The form of arthritis known as ankylosing spondylitis (AS) principally affects the spine, sometimes the pelvis, and other joints. It is a progressive and painful condition where inflammation can eventually cause joints in the spine to fuse; total fusion is rare and most sufferers experience only partial fusion, which may be limited to the pelvic region.
Men and women both can suffer from AS, for reasons unknown, men are three times more likely to be affected. Children, especially those under the age of 12 years, very rarely display signs of the disease. AS may cause severe symptoms in some and others may experience only a few of the typical symptoms.
Signs and Symptoms
Typical symptoms may include:
- Gradual stiffness and back pain, particularly in the lower back, occurring over several weeks
- Over a period of some months, movement becoming more and more limited
- Feeling of fatigue, caused by the inflammation
- Early morning stiffness in back, neck, or buttock that gradually disappears through the day
- Pain or stiffness that improves after exercise, worsening after a period of rest
- Sleep patterns become disrupted with wakefulness in the latter part of the night
- Other joints such as the knee, ankles, hips, fingers, and toes may show signs of inflammation
- The Achilles tendon may produce heel pain, especially when going up steps
- Inflammation of the eye can cause pain and redness, especially in response to bright light
Usually, the onset of AS is gradual but occasionally it occurs very rapidly, with sudden intense pain in the lumbar region or in the buttocks.
A rare complication of AS, where scarring has damaged the heart, can cause a very slow heartbeat that may have to be treated by the insertion of a pacemaker device.
Inflammation that is chronic may lead to the bones of the spine fusing due to the formation of new bone. Resulting rigidity of the spine results in decreased movement and a greater risk of a spinal fracture.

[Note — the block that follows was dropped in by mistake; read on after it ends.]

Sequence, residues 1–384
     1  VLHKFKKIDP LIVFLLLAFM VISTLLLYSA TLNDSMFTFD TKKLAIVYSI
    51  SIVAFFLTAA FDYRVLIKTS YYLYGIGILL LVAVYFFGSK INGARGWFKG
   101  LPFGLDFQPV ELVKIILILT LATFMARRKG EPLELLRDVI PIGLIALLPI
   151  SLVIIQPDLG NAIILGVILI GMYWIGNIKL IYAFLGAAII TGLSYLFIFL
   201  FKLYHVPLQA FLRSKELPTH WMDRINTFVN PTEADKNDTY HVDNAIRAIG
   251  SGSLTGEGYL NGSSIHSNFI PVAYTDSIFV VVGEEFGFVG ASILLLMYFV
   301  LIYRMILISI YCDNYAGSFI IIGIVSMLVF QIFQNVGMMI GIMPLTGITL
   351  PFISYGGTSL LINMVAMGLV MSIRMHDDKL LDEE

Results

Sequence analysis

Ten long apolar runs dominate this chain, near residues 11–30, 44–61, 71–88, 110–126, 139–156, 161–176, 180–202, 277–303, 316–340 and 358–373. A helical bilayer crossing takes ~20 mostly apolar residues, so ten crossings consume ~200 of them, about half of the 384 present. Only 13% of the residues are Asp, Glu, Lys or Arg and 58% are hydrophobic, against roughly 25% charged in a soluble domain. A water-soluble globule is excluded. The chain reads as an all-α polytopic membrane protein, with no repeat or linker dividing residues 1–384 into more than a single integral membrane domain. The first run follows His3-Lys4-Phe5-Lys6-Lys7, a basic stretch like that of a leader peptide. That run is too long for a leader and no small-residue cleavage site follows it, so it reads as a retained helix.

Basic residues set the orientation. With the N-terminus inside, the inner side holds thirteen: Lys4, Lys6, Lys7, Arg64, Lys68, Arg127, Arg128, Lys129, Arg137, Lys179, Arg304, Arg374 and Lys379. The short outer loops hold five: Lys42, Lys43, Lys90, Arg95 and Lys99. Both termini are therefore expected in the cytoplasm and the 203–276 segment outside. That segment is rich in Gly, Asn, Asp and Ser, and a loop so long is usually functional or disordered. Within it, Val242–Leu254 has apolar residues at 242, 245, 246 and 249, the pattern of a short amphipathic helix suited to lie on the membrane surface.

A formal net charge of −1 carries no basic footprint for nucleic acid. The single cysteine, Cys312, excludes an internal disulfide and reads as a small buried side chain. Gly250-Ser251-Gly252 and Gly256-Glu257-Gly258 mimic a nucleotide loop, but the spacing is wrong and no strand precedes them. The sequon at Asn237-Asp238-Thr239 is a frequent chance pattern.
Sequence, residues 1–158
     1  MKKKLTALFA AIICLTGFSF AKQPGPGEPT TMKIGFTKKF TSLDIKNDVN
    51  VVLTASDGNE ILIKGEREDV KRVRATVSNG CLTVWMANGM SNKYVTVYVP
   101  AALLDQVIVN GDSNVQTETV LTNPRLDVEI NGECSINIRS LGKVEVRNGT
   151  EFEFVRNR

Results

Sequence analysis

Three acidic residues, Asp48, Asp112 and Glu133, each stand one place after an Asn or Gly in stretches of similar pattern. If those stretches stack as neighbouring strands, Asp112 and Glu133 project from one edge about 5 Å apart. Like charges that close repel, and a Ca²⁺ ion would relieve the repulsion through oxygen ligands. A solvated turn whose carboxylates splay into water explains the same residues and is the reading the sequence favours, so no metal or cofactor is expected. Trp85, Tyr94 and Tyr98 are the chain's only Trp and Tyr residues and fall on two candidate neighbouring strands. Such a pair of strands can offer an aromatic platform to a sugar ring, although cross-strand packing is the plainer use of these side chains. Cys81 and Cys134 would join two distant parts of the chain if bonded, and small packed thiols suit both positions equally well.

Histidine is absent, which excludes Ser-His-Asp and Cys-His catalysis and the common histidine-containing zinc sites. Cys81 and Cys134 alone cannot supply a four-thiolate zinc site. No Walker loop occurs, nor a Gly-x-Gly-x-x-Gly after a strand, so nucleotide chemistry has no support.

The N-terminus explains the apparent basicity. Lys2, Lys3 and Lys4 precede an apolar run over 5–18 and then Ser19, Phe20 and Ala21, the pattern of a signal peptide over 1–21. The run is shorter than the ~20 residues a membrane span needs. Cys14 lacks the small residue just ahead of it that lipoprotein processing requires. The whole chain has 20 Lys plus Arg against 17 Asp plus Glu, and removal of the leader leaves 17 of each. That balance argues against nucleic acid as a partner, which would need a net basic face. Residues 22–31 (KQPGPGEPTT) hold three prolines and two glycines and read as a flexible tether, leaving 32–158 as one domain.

Causes of Ankylosing Spondylitis
- Genetic predisposition where the disease occurs in generations of a family
- Presence of a specific gene, the HLA-B27 gene
People over the age of 40 years very rarely acquire AS, which presents more commonly in those aged between 15 and 35 years. Generally, for reasons unknown, males are more seriously affected than female sufferers.
Diagnosis and Treatment
Early diagnosis is important so that treatment can minimize the deformity of the spine. A rheumatologist will assess symptoms, order the requisite blood tests or scans, and explain the findings.
Medicines will be prescribed to reduce inflammation together with analgesics to ease the pain. Modern biological medications given by injection are effective in the treatment of severe cases of AS.
It is essential that people diagnosed with AS keep active. A stretching routine should be developed to encourage mobility, together with a regular exercise program. Sufferers must learn how to relax to eliminate tension and to help with good sleep; having a regular massage could prove helpful. A good diet will also help maintain general health, which is essential to coping with this challenging disease.